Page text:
The Dutch government has a new message for its residents: when it comes to meat, less is more.
This week, the Netherlands Nutrition Centre — a government-funded program that creates dietary guidelines — issued a recommendation that people eat no more than two servings of meat per week. According to National Geographic, it’s the first time that the Nutrition Centre has placed a hard limit on the amount of meat a person should consume.
The Centre released its recommendations after nearly five years of studying the health and ecological impacts of an average Dutch diet. The new guidelines recommend that a person should consume no more than 500 grams (or a little over a pound) of meat per week. Of that, no more than 300 grams should be red meat, or what the Centre calls “high-carbon.” Instead, the guidelines recommend that people incorporate other sources of protein into their diets, from things like nuts or pulses.
The Netherlands isn’t the first country to look at dietary guidelines from both a health and ecological standpoint. Last week, the U.K.’s government-backed nutritional body released updated dietary guidelines recommending that residents replace several servings of animal protein with plant-based protein from things like pulses, a category of food that includes lentils, peas, and beans. The guidelines also recommend a 7 percent reduction in dairy consumption.
Both the Netherlands and the U.K. are years behind Sweden, however, in including sustainability concerns in their dietary guidelines. In 2009, Sweden became the first country to recommend that residents take environmental concerns into account when making food choices.
Earlier this year, the United States briefly considered including sustainability in the U.S. Departments of Agriculture and Health and Human Services’ updated dietary guidelines. During the early stages of creating the updated guidelines, the the Dietary Guidelines Advisory Committee — a group of scientists responsible for coming up with recommendations for the guidelines — suggested that sustainability might be an important addition.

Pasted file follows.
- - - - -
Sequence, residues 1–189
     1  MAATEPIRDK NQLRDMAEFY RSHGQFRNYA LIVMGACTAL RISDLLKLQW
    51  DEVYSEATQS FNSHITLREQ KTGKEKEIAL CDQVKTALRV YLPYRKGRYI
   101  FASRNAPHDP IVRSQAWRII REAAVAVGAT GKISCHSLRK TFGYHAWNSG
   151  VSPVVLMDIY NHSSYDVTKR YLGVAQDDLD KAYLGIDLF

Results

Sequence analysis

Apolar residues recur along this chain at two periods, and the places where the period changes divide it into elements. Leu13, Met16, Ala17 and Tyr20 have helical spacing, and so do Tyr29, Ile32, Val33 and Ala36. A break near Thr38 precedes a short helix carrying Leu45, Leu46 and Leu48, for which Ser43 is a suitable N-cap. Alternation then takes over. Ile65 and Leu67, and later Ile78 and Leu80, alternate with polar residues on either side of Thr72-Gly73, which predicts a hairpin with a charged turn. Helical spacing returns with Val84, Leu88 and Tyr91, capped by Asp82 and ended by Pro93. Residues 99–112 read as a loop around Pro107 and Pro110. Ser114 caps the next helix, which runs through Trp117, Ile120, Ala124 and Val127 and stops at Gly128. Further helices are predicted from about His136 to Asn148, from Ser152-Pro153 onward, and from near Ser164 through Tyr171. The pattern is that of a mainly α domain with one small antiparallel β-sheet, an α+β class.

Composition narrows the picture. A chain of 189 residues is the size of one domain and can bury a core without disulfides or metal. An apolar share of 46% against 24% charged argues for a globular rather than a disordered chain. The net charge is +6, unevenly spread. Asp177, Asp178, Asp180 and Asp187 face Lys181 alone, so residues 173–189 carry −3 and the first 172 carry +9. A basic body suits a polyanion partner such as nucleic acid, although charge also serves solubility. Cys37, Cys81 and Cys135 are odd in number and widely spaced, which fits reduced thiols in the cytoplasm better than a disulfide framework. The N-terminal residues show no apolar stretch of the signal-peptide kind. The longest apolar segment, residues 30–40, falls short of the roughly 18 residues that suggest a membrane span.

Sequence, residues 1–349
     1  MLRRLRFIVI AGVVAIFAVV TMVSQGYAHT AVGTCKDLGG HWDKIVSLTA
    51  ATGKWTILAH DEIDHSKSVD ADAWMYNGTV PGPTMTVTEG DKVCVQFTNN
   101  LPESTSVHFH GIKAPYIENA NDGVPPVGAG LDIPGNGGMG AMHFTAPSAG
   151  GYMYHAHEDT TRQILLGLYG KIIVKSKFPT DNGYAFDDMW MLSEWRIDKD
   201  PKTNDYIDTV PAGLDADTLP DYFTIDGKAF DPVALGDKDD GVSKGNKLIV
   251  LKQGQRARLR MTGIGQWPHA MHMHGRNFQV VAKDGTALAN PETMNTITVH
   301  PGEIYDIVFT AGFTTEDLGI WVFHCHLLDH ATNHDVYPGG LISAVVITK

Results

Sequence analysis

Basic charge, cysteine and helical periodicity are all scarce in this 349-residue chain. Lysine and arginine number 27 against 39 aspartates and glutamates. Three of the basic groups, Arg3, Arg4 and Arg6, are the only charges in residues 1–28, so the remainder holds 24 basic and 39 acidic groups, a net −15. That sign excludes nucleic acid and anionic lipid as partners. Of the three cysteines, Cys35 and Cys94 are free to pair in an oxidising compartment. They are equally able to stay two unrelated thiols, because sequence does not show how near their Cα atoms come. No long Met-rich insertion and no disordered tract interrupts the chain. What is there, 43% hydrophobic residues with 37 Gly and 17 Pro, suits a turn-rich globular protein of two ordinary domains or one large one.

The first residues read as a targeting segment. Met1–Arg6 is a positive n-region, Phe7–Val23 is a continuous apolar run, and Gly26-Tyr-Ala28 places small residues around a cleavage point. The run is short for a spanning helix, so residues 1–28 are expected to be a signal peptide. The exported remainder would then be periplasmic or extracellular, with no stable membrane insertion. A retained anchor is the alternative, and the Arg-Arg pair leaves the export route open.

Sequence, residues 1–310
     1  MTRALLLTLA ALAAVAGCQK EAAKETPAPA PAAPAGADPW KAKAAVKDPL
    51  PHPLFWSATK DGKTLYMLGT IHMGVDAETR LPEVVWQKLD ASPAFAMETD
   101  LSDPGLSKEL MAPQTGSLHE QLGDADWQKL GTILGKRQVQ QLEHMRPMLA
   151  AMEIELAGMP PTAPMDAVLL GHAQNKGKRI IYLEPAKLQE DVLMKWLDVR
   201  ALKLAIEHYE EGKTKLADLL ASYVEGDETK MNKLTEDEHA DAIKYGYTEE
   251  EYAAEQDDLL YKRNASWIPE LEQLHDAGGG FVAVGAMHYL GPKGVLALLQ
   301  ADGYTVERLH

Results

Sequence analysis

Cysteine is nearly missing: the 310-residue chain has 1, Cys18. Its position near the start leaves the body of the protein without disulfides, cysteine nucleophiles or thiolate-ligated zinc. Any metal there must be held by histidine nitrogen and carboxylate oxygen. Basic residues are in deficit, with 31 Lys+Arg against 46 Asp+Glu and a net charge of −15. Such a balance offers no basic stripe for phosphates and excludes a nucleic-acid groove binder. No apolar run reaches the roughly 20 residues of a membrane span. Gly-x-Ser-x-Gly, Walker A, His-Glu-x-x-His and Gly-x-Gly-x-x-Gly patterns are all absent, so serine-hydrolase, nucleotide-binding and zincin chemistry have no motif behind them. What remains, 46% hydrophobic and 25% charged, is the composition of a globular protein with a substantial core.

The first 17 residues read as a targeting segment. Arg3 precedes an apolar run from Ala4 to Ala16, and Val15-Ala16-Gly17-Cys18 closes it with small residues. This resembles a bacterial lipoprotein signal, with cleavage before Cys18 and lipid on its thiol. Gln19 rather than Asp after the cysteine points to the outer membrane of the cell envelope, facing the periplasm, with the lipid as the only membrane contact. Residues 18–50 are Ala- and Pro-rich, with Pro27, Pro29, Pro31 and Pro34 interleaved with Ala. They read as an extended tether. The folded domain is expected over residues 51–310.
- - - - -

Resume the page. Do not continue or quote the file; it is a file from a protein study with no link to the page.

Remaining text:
"A diet higher in plant-based foods, such as vegetables, fruits, whole grains, legumes, nuts, and seeds, and lower in calories and animal-based foods is more health promoting and is associated with less environmental impact than is the current U.S. diet,” the advisory committee wrote in its report. “Current evidence shows that the average U.S. diet has a larger environmental impact in terms of increased greenhouse gas emissions, land use, water use, and energy use, compared to the above dietary patterns.”
The suggestion was met with both cries of support from environmentalists and fierce backlash from the meat industry, with nearly 29,000 comments submitted during the public comment period. According to an analysis of the comments conducted by the Center for Biological Diversity, the comments showed "overwhelming support" for including sustainability.
But when the guidelines were finally released in October of last year, sustainability did not make the cut. Environmental and food sustainability experts were quick to point a finger at the political power of the food lobby, which they argue had an outsized influence on the crafting of the guidelines.
"The way that this has played out shows that there are clear politics behind it," Ricardo Salvador, director of the Union of Concerned Scientists' Food and Environment Program, told ThinkProgress in October. “Everybody who has been following this process and knows who’s speaking with whom knows food industry executives have been in the office and pressuring the secretary on this issue."
Still, both environmental groups and the scientific community seem to be ramping up the pressure on meat-heavy diets. In a study published this week in the Proceedings of the National Academy of Sciences, researchers at Oxford University found that the world could cut greenhouse gas emissions by 29 percent, and save 5.1 million lives annually, if meat consumption globally were reduced by half by the end of the century.